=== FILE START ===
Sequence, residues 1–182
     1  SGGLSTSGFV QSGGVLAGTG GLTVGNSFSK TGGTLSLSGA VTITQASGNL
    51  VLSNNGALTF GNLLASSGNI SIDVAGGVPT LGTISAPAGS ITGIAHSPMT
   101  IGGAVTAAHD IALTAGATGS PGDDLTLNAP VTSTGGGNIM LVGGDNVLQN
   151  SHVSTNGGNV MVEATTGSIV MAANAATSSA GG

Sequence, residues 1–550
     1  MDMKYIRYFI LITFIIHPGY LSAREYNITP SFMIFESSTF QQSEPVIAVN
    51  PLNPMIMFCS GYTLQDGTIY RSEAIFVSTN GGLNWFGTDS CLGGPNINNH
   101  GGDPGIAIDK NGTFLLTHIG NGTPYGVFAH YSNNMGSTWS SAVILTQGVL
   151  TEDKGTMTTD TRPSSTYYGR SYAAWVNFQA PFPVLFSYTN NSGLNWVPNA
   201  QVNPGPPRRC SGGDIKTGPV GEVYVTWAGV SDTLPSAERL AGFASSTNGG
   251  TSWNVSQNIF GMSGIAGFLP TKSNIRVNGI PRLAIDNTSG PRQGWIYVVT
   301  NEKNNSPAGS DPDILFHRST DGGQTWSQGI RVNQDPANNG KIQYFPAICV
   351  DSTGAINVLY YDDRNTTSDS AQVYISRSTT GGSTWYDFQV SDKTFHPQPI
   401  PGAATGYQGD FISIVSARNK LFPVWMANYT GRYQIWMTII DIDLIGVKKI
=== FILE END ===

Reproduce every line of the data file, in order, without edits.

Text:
Sequence, residues 1–182
     1  SGGLSTSGFV QSGGVLAGTG GLTVGNSFSK TGGTLSLSGA VTITQASGNL
    51  VLSNNGALTF GNLLASSGNI SIDVAGGVPT LGTISAPAGS ITGIAHSPMT
   101  IGGAVTAAHD IALTAGATGS PGDDLTLNAP VTSTGGGNIM LVGGDNVLQN
   151  SHVSTNGGNV MVEATTGSIV MAANAATSSA GG

Sequence, residues 1–550
     1  MDMKYIRYFI LITFIIHPGY LSAREYNITP SFMIFESSTF QQSEPVIAVN
    51  PLNPMIMFCS GYTLQDGTIY RSEAIFVSTN GGLNWFGTDS CLGGPNINNH
   101  GGDPGIAIDK NGTFLLTHIG NGTPYGVFAH YSNNMGSTWS SAVILTQGVL
   151  TEDKGTMTTD TRPSSTYYGR SYAAWVNFQA PFPVLFSYTN NSGLNWVPNA
   201  QVNPGPPRRC SGGDIKTGPV GEVYVTWAGV SDTLPSAERL AGFASSTNGG
   251  TSWNVSQNIF GMSGIAGFLP TKSNIRVNGI PRLAIDNTSG PRQGWIYVVT
   301  NEKNNSPAGS DPDILFHRST DGGQTWSQGI RVNQDPANNG KIQYFPAICV
   351  DSTGAINVLY YDDRNTTSDS AQVYISRSTT GGSTWYDFQV SDKTFHPQPI
   401  PGAATGYQGD FISIVSARNK LFPVWMANYT GRYQIWMTII DIDLIGVKKI